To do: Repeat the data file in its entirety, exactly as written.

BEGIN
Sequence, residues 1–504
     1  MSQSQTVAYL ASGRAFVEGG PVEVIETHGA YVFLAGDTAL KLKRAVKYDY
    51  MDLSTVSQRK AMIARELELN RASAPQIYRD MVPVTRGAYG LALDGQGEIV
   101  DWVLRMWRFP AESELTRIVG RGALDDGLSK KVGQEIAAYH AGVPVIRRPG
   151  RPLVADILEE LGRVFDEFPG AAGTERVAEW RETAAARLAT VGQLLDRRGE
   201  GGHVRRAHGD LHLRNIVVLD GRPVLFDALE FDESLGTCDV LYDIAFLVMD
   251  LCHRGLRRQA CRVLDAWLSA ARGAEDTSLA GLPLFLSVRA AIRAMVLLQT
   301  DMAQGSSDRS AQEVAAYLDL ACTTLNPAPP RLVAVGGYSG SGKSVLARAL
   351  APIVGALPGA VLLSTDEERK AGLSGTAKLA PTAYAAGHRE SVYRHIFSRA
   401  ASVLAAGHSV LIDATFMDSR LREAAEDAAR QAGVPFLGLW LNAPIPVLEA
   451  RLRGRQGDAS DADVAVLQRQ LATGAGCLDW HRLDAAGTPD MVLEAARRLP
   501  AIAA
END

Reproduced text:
Sequence, residues 1–504
     1  MSQSQTVAYL ASGRAFVEGG PVEVIETHGA YVFLAGDTAL KLKRAVKYDY
    51  MDLSTVSQRK AMIARELELN RASAPQIYRD MVPVTRGAYG LALDGQGEIV
   101  DWVLRMWRFP AESELTRIVG RGALDDGLSK KVGQEIAAYH AGVPVIRRPG
   151  RPLVADILEE LGRVFDEFPG AAGTERVAEW RETAAARLAT VGQLLDRRGE
   201  GGHVRRAHGD LHLRNIVVLD GRPVLFDALE FDESLGTCDV LYDIAFLVMD
   251  LCHRGLRRQA CRVLDAWLSA ARGAEDTSLA GLPLFLSVRA AIRAMVLLQT
   301  DMAQGSSDRS AQEVAAYLDL ACTTLNPAPP RLVAVGGYSG SGKSVLARAL
   351  APIVGALPGA VLLSTDEERK AGLSGTAKLA PTAYAAGHRE SVYRHIFSRA
   401  ASVLAAGHSV LIDATFMDSR LREAAEDAAR QAGVPFLGLW LNAPIPVLEA
   451  RLRGRQGDAS DADVAVLQRQ LATGAGCLDW HRLDAAGTPD MVLEAARRLP
   501  AIAA